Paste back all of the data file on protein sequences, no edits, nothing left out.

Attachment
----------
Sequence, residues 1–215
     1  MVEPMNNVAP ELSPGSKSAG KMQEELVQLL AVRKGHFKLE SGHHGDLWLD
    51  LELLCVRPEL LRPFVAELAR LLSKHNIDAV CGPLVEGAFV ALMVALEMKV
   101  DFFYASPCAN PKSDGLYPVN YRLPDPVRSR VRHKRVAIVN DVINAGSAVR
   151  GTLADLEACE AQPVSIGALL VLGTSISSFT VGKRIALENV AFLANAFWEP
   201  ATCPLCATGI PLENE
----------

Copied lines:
Sequence, residues 1–215
     1  MVEPMNNVAP ELSPGSKSAG KMQEELVQLL AVRKGHFKLE SGHHGDLWLD
    51  LELLCVRPEL LRPFVAELAR LLSKHNIDAV CGPLVEGAFV ALMVALEMKV
   101  DFFYASPCAN PKSDGLYPVN YRLPDPVRSR VRHKRVAIVN DVINAGSAVR
   151  GTLADLEACE AQPVSIGALL VLGTSISSFT VGKRIALENV AFLANAFWEP
   201  ATCPLCATGI PLENE